The rest of my questions, which concerned gender identity, body type, disabilities or visible differences, beauty and economic class didn’t fare much better. These kids represented all cultures and races, language groups, economic classes and body types. A few of them were certainly LGBT (they admitted as much in class, a not unusual thing in Vancouver these days) and likely at least a few had disabilities. They were all gorgeous vibrant young people, but some in less Hollywood ways than others.

Almost all of them were writing about “Super Cardboard Character” who was white, straight, able bodied, conventionally attractive with a fit, average height physique and an economically privileged existence.

Most of them were not developed enough as writers to have been making these choices for the tired “books about POC characters don’t sell” excuse. Most of them had not even thought about it.

Most of them had neglected to assign a race or other diverse criteria to their character, thinking instead about plot, world building etc. In other words they had, for the time being, slotted in a “neutral” character. The only thing is that “white” is not a neutral cultural designation. “Straight” is not a neutral gender orientation. I don’t need to go on. You get the picture.

Here’s the saddest part. When my students had this revealed to them, I could tell they were horrified. Even a little ashamed. I spent the rest of the workshop explaining to them why it’s not their fault. Superheroes, Disney Princesses, Shakespeare, Fairy Tales and MANY classic children’s books that we all grew up with have inculcated them with the idea that “stories are for white people”.

Let me demonstrate. Here is The Very Hungry Caterpillar.

Tell me, what is the ethnicity/culture of this caterpillar?

“Come on,” some of you are saying. “It’s a caterpillar. It doesn’t have a ethnicity.”

Oh really? Look at what it eats:



No lychee or plantain, no wontons or tempura, no tacos, no naan, no sushi, no pork rolls, no okra, jalapenos, bok choy or yams. Not even a mango.

Now tell me again the culture of the Very Hungry Caterpillar.

The idea that stories are for white people is so pervasive and DEEPLY ingrained in young readers that when it comes time to write their own stories the characters that naturally come out neither reflect the community in which that kid lives nor, in many cases their own diverse designations. To suggest that the solution is for readers to buy books by writers of color is at best a band-aid solution, geared more towards, it seems to me, spreading the wealth of the publishing industry equitably than actually confronting the issue.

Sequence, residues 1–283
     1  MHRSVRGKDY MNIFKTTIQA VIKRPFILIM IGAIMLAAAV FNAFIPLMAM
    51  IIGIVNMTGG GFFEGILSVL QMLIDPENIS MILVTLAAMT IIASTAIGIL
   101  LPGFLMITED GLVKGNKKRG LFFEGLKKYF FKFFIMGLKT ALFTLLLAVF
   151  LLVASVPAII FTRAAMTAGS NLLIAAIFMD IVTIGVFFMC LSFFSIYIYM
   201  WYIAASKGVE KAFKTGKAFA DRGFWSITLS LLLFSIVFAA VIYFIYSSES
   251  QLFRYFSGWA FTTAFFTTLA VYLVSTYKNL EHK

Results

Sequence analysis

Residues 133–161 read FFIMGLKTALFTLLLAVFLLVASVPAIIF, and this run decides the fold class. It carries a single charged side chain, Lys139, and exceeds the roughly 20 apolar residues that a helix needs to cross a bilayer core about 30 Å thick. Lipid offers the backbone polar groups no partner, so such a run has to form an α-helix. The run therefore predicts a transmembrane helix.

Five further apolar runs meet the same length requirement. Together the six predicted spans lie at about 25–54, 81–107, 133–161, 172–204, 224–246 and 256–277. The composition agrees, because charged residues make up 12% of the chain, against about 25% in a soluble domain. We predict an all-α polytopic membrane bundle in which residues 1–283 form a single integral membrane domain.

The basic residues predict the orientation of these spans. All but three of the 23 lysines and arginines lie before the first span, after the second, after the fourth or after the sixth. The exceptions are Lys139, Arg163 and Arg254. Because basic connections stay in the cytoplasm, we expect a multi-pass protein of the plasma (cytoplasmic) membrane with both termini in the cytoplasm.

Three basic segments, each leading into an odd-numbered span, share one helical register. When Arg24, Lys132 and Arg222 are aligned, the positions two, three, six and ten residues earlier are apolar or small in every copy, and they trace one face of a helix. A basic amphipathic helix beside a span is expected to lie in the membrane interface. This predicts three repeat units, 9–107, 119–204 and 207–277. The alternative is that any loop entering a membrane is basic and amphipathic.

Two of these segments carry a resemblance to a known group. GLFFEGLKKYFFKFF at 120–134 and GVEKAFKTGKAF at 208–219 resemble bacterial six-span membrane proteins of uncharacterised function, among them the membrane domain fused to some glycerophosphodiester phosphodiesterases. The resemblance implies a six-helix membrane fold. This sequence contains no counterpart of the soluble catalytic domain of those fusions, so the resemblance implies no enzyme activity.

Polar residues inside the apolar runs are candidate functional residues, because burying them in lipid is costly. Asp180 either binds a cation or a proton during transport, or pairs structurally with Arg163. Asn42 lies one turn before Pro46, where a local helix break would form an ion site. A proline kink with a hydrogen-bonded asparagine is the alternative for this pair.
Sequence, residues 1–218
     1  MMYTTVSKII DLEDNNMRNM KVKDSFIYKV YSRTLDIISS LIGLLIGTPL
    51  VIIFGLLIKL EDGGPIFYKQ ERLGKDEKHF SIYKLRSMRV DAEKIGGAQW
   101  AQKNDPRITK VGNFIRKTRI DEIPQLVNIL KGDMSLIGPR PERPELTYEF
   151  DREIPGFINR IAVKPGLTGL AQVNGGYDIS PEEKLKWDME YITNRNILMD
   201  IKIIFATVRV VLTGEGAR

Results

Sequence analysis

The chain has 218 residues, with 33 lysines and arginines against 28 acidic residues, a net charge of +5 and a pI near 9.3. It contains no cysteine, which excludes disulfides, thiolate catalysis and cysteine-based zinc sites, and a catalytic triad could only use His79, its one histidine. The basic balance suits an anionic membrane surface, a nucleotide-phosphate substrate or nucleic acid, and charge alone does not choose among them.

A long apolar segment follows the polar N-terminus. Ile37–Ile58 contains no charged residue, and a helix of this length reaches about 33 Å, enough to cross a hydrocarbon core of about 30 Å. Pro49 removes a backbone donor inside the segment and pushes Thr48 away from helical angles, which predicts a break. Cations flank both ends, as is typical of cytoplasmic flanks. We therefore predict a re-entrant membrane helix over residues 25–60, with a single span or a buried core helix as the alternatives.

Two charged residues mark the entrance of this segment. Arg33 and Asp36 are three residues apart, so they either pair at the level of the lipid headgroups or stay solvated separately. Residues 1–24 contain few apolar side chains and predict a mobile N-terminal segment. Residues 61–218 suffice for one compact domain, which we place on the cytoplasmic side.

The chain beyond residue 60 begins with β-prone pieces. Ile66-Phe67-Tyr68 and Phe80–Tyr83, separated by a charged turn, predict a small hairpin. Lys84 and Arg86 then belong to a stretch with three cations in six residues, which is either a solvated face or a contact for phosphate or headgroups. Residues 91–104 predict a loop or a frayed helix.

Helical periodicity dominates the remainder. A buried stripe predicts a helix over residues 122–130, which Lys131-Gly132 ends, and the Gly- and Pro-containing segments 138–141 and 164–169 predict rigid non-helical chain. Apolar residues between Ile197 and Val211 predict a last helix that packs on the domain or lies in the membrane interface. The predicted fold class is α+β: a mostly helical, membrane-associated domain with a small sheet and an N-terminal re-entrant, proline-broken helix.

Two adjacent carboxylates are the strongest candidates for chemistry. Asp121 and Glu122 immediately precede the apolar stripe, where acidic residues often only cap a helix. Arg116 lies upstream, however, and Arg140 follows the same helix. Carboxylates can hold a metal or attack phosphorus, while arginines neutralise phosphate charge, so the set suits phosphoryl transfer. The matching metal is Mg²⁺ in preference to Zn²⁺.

It is absolutely critical that we address this problem head on. And yes that includes saying “Yo, John Green. White much?” What if everyone stopped buying John Green’s books and purchased instead one of the below books, all written by authors of color (some of whom are bestsellers), would that help?

It would help those authors, certainly, but would it help young people of various diverse designations see themselves in books? On book covers? Would it help disabuse them of the notion that “stories are for white people”? No, because all the people on these covers are white.

What if, instead they purchased the below books by bestselling white authors?

Like the saying goes: if you’re not part of the solution, you’re part of the problem. I think it’s fair to want and expect “mainstream” bestselling writers to write diverse characters at least occasionally. I don’t think the writing of these characters in any way prevents writers of color from being successful at telling their own stories. Bestselling authors take shelf space away from ALL non-bestselling authors whether they are diverse authors or not, whether the stories are diverse or not.

We can maybe ask them to take a long holiday and give a few new people a chance, but somehow I don’t think they’ll go for it. Instead we could just keep asking them to diversify their writing. My first thought is for my diverse readers and students. It breaks my heart to see them feel so excluded from the adventures that they love to read.  And I want the books that reflect their identities to be bestsellers because only finding themselves in the nichy corners of the book world is almost worse in a way. The success of my diverse colleagues is secondary, though, of course, not entirely unconnected, especially if they actually write diversely. If a diverse book by a diverse author becomes a bestseller it is a double win. I’m all for it.